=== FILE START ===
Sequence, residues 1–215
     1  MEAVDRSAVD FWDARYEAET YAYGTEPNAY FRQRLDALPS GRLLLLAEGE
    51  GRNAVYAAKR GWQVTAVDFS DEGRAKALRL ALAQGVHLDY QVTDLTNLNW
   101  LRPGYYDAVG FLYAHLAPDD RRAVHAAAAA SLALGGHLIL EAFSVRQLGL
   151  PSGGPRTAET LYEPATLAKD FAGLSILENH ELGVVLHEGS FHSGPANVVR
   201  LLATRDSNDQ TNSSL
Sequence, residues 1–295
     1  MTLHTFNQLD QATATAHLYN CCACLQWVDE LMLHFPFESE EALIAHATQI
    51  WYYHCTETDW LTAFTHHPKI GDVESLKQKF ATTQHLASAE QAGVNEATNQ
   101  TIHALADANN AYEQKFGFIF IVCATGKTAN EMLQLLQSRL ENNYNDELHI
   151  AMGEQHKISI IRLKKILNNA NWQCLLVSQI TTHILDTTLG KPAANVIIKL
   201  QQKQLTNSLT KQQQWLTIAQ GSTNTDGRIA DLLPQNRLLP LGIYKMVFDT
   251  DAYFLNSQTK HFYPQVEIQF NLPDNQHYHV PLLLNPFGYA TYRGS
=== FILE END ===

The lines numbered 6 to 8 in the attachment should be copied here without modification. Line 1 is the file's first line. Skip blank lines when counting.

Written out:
   201  LLATRDSNDQ TNSSL
Sequence, residues 1–295
     1  MTLHTFNQLD QATATAHLYN CCACLQWVDE LMLHFPFESE EALIAHATQI